ROTT: The reasons for the decline are many. More folks are living in cities than ever before. It's harder to find places to hunt. There are video games, all-consuming youth sports and Netflix to contend with. Meanwhile, the age of your average hunter...
KEITH WARNKE: Has got older and older and older and older.
ROTT: Keith Warnke, the hunting and shooting sports coordinator for the state of Wisconsin, would know.
WARNKE: I am your average hunter in Wisconsin - 50 years old, white male.
ROTT: Warnke, as he puts it, is a recovering biologist. So he tracks hunter demographics with the same intensity that he brought to tracking deer populations. Only now he uses ID numbers instead of ear tags.
WARNKE: So here are just some of the graphs and...
ROTT: And the data in front of him is pretty clear. Baby boomers hunted more than any other generation since, and now they're quickly aging out of the sport.
I mean, that line is pretty steady and...
WARNKE: Oh, yeah, that line is really steady. And it's expected. So we know there's going to be a decline in the number of hunters.
ROTT: A decline that's only expected to speed up over the next 10 years. Now, you might be listening to this and thinking, so what? I don't even like hunting. Maybe you find it morally wrong. Maybe you're one of the tens of millions of Americans who prefer to photograph wildlife or just see it while you hike, bike or float down a river. Well, the problem is that resource you're using, that trail or stream or the wildlife itself...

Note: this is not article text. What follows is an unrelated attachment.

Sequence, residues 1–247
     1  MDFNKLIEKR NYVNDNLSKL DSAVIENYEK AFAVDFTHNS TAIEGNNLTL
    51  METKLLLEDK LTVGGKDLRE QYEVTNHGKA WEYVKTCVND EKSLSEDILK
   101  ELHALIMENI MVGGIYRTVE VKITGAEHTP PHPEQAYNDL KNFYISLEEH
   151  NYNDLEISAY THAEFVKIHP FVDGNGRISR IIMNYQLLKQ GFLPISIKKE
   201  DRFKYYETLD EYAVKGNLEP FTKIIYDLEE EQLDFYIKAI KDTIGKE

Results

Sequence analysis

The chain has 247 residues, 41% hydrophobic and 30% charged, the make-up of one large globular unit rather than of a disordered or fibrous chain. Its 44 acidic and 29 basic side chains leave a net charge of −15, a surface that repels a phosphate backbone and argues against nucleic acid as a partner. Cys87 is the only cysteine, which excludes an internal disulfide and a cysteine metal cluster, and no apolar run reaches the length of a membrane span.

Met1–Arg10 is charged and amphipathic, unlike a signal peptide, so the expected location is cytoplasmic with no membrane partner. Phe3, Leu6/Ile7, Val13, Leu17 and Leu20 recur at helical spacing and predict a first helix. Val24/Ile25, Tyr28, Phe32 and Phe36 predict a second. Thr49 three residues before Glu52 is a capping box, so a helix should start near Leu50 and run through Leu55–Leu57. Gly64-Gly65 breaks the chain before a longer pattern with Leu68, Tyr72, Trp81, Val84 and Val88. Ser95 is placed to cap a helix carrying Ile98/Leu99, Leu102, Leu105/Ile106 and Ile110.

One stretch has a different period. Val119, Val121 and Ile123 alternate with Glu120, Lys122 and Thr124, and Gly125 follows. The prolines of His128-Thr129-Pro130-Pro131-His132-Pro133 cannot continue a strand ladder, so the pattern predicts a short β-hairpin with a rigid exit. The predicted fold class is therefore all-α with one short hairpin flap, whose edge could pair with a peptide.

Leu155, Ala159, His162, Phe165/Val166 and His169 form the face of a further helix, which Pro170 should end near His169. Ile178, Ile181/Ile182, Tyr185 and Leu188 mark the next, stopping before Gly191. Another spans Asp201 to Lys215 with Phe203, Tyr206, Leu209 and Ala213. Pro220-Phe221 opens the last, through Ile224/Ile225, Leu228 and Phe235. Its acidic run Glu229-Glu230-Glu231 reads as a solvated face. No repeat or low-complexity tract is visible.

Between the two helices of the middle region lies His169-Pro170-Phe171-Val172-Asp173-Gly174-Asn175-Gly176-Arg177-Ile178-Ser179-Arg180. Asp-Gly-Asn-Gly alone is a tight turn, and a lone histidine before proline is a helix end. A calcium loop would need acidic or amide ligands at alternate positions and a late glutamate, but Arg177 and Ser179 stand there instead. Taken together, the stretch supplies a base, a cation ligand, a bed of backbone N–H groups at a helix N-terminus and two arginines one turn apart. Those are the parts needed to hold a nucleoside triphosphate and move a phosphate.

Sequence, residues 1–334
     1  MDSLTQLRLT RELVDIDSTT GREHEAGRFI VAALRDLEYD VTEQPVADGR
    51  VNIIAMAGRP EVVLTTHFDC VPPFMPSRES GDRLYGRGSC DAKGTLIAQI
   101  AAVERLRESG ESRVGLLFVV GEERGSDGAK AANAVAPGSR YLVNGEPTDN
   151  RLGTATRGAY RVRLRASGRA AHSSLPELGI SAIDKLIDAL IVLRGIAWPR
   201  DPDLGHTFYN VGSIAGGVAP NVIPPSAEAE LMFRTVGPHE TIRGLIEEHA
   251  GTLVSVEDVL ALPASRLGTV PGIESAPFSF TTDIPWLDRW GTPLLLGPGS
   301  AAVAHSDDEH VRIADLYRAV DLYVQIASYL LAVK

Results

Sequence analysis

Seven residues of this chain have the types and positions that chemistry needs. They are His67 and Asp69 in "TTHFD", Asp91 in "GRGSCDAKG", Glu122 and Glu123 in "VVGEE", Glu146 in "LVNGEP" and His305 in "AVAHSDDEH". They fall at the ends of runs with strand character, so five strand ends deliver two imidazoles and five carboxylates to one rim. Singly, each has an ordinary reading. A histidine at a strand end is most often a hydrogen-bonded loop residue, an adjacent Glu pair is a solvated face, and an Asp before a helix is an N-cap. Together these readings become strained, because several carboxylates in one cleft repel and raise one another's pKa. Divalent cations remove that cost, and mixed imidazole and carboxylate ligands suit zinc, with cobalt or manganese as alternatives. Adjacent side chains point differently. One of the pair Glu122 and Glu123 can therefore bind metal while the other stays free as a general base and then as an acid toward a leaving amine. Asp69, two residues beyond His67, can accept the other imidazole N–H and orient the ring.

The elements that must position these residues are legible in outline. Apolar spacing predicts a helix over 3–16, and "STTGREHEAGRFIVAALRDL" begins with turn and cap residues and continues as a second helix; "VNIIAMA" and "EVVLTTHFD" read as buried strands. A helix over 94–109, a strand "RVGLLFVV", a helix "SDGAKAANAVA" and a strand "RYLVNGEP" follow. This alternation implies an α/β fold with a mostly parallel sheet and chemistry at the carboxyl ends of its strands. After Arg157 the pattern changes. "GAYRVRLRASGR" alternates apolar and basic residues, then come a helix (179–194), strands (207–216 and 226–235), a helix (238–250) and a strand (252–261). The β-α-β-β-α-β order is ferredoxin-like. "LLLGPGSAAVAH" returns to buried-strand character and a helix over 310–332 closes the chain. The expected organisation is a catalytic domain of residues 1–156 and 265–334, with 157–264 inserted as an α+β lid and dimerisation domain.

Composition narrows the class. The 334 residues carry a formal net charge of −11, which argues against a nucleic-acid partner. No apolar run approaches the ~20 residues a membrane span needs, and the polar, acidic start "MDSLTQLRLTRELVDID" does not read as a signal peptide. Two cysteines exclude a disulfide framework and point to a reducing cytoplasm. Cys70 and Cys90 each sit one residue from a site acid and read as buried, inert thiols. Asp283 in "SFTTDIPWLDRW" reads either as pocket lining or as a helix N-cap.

ERIC LOBNER: That's not funded by the purchase of a kayak or a paddleboard or a bike.
ROTT: Or in many cases the people doing those activities. This is Eric Lobner, by the way, the director of the wildlife division for Wisconsin's Department of Natural Resources.
LOBNER: In many situations, the only individuals that really contribute to the management of a wildlife area are those people that are hunting or trapping, and some angling well.
ROTT: Let's take a quick second to break that down. While it's true that there are huge amounts of wildlife habitat on federal land, national parks and forests that we all pay for with our taxes, state wildlife areas like Lobner's talking about are just as important and generally free to the public. So if you go to one of those areas as a hiker, let's say, you can go on your hike, maybe see a deer or hear migrating birds, and that's not going to cost you anything outside of the gas money to get there and the worn tread on your shoes. Sure, you could always donate money, but you are not forced to pay anything.
A deer hunter, on the other hand, has to pay for a hunting license plus an excise tax of 11 percent on their rifle and ammunition, money that's earmarked for wildlife conservation efforts and state agencies like Lobner's. And that money adds up. Nationwide, state wildlife agencies, which manage tens of thousands of species, get about 60 percent of their annual budgets from hunting and fishing-related activities. Historically it's been far more.
LOBNER: So the issue really is that as the number of hunters declines, that revenue available to do conservation declines.
ROTT: And there's little relief coming from state legislatures already feeling a financial crunch. So cuts are having to be made.
LOBNER: Here with the Wisconsin DNR, over the last four years we've had to cut 16 different positions within our program.
ROTT: In Colorado, the state wildlife agency has cut back programs to deal with invasive species. In Wyoming, they're planting fewer trees.